When the merger takes effect March 31, the combined firm will be known as McGuireWoods and will have about 160 lawyers in Charlotte.

The merger is a result of clients' changing needs, McGuireWoods Chairman Richard Cullen said in a press release.

"We need to match our capabilities and geographic reach to meet those needs," he said.

Helms Mulliss' chairman, Peter J. Covington, will become vice chairman of McGuireWoods. Scott Vaughn, Helms Mulliss' finance group leader, will become managing partner of McGuireWoods' Charlotte office.



Civil Rights & the Hawthorne Police Dept & The LAPD
Legal Interview | 2008/03/05 20:16

Civil Rights Litigation. Gary discusses alleged police brutality and alleged misconduct by the Hawthorne, California, and Manhattan Beach, California, police. Joining Gary is Scott Tierney, who alleges he suffered serious personal injuries during a booking process with the Hawthorne police. In this powerful interview, Gary and Scott provide riveting testimony about a series of allegedly grave actions by the police and the need to educate the public about these shocking details. Gary further addresses the broader problem of police misconduct and its threat to public safety and community trust. Police misconduct also includes accepting bribes, improper search and seizure, harassment and racism in law enforcement. Police misconduct violates the oath of peace officers and their responsibilities as public servants. Victims of police misconduct can be wrongfully convicted of crimes, lose property and freedom, and face social stigmatization. Police misconduct also creates distrust between police and the public they are meant to protect. Police misconduct often goes uncorrected because people do not understand their rights as citizens. Prevention of police misconduct by an informed public can avert violence, wrongful convictions, and abuse of authority. In general, police misconduct is the exception - most police officers are law-abiding citizens, but when police misconduct does occur, police departments can fail to address the problem in the appropriate manner.

Gary S. Casselman is a superb trial attorney with extensive experience in the fields of criminal defense, personal injury and police misconduct. He has authored and lectured about police misconduct litigation and is a court qualified expert in matters such as legal malpractice and enjoys membership in the Million Dollar Advocates Forum. Gary is also a member of the Consumer Attorneys of Los Angeles and Police Watch. He holds an undergraduate degree from the University of Michigan and a law degree from Southwestern University School of Law.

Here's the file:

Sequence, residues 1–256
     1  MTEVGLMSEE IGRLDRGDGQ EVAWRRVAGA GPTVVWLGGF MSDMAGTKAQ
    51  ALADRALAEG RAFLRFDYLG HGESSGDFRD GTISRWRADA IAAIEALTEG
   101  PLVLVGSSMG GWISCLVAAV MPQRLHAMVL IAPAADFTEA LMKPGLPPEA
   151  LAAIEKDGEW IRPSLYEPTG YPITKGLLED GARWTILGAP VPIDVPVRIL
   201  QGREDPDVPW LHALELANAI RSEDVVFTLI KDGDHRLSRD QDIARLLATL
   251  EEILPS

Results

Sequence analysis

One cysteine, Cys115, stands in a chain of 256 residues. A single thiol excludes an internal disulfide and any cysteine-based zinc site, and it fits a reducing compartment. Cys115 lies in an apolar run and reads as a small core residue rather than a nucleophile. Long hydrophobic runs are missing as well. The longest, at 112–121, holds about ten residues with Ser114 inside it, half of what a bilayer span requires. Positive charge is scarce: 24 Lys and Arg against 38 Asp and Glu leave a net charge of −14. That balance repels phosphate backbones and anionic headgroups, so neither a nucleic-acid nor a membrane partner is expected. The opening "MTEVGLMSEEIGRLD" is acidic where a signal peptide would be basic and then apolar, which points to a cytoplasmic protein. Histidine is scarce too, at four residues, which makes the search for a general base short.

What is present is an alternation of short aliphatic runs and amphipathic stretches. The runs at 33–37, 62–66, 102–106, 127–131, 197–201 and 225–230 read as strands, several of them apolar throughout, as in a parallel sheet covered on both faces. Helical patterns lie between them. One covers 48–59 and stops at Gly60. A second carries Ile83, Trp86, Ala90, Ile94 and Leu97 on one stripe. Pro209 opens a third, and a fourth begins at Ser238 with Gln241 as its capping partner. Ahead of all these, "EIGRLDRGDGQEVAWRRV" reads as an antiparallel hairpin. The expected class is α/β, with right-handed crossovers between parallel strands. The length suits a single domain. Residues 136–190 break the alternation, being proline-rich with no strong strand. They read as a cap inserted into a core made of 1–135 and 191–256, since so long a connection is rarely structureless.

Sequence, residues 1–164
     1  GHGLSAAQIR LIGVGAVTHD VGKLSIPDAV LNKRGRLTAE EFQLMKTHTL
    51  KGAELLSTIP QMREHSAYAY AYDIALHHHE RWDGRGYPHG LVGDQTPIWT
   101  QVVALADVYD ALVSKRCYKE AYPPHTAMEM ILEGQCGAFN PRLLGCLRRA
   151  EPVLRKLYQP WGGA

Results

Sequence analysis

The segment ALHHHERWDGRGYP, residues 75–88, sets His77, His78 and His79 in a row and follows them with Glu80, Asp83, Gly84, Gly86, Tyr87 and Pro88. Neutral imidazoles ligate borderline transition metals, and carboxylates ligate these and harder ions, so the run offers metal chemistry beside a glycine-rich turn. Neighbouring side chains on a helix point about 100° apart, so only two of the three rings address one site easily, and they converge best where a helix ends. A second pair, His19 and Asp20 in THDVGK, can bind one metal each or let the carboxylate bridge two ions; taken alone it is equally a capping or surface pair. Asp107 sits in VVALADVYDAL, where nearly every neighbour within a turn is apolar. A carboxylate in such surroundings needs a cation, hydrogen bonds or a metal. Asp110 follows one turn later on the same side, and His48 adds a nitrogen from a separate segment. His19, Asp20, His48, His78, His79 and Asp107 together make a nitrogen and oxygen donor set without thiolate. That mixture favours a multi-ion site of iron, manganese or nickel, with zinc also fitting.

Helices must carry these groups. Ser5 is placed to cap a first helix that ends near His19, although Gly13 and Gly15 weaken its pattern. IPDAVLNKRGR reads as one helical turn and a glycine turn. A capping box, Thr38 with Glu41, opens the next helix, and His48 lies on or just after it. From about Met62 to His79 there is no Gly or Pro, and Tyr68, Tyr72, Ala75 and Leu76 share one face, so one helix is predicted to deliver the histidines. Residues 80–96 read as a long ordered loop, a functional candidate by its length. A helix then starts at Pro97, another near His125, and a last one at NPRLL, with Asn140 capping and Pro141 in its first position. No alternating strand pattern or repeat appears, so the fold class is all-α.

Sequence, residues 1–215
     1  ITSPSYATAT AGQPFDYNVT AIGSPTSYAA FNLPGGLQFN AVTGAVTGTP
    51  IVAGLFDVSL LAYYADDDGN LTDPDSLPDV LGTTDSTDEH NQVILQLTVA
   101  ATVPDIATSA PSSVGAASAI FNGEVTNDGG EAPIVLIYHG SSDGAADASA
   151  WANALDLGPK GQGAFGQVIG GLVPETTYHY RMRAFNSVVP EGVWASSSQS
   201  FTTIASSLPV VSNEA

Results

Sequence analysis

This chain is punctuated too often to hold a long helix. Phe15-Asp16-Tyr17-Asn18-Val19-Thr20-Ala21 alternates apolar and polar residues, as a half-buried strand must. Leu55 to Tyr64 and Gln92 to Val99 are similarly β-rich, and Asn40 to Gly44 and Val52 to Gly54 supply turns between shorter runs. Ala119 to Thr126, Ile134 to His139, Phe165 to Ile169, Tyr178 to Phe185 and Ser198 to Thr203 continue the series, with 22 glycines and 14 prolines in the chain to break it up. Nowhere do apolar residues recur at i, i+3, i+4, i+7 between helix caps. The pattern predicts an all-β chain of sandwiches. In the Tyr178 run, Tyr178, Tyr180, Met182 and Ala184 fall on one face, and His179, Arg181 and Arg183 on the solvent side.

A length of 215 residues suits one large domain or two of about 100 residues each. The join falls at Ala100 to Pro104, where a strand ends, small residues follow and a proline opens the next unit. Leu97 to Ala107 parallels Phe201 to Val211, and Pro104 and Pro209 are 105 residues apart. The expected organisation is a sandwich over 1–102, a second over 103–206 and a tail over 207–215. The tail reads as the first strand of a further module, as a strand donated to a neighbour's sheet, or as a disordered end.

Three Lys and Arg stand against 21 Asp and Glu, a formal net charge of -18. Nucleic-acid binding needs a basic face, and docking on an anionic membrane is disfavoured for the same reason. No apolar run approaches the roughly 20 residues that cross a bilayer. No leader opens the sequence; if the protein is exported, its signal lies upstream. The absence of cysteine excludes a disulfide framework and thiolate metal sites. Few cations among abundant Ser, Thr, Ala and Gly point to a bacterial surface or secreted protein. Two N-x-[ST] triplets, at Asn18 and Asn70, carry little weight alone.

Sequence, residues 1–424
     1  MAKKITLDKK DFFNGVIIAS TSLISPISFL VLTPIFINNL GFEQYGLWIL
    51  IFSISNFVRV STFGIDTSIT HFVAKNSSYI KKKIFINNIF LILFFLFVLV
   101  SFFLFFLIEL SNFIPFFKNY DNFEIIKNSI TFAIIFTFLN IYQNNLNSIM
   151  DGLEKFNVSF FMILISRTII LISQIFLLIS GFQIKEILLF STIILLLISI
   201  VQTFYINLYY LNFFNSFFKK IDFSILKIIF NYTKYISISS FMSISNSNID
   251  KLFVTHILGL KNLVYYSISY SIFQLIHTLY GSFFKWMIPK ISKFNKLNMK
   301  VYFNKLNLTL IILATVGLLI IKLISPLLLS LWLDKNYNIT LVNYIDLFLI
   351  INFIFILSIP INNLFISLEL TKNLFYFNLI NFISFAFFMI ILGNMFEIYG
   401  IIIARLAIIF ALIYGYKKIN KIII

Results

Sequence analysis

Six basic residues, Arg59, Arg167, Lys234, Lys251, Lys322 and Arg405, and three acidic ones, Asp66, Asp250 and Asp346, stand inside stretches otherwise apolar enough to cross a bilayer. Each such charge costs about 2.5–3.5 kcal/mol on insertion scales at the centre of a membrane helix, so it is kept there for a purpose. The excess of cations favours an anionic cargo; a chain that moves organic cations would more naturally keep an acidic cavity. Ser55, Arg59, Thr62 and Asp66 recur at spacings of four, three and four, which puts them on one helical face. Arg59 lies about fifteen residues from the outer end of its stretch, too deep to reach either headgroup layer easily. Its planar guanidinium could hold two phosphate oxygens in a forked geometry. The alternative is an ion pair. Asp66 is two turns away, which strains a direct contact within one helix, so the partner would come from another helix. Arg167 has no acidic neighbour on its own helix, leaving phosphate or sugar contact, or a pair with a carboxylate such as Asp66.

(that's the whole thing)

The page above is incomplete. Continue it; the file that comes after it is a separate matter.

You can contact Gary at 310-390-4406

http://www.lawyers.com/garycasselman

or email gary.casselman2@verizon.net



Johnson & Perkinson Announces Class Action
Press Releases | 2008/03/05 20:13
Johnson & Perkinson hereby announces the commencement of a class action lawsuit naming Superior Offshore International, Inc. ("Superior Offshore" or the "Company") (Nasdaq: DEEP). Individuals, families, trusts or other entities that purchased Superior Offshore common stock between April 20, 2007 and January 9, 2008, inclusive, have the opportunity to participate as Lead Plaintiffs in the currently pending class action litigation against the Company. To do so, you must apply to serve in that capacity by April 28, 2008.

Johnson & Perkinson, a litigation boutique law firm based in South Burlington, Vermont, has extensive experience prosecuting investor class actions and actions involving financial fraud. Attorneys Johnson and Perkinson are both former employees of the Securities and Exchange Commission. Dedicated to maximizing shareholder return, members of Johnson & Perkinson have prosecuted complex class actions alleging securities or consumer fraud/deception on behalf of investors/consumers against numerous public companies since 1985, resulting in the recovery of many hundreds of millions of dollars, and have been singled out for excellence by various courts. The firm is litigating, or has recently resolved litigation, as Lead or Co-Lead Counsel in securities class actions against Xerox, Priceline, Wireless Facilities, i2 and Xchange, and serves on the Executive Committee in the Global Crossing case.

The Complaint charges the Company and certain of its officers and directors with making a series of materially false and misleading statements in the Registration Statement and Prospectus issued in connection with the IPO, in violation of the Securities Act of 1933.